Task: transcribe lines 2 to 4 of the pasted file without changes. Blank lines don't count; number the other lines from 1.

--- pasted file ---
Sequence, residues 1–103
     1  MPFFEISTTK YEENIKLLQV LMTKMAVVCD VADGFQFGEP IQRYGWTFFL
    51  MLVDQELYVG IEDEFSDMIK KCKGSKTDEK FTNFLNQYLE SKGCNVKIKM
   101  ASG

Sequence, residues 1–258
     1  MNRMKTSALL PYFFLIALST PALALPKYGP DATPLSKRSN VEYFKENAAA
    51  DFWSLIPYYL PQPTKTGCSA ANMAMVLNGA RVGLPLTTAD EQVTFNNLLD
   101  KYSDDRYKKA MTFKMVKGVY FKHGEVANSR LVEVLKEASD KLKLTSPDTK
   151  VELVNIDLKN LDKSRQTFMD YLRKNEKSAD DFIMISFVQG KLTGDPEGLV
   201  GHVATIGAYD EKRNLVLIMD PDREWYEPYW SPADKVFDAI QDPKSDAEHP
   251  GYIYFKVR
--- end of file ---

     1  MPFFEISTTK YEENIKLLQV LMTKMAVVCD VADGFQFGEP IQRYGWTFFL
    51  MLVDQELYVG IEDEFSDMIK KCKGSKTDEK FTNFLNQYLE SKGCNVKIKM
   101  ASG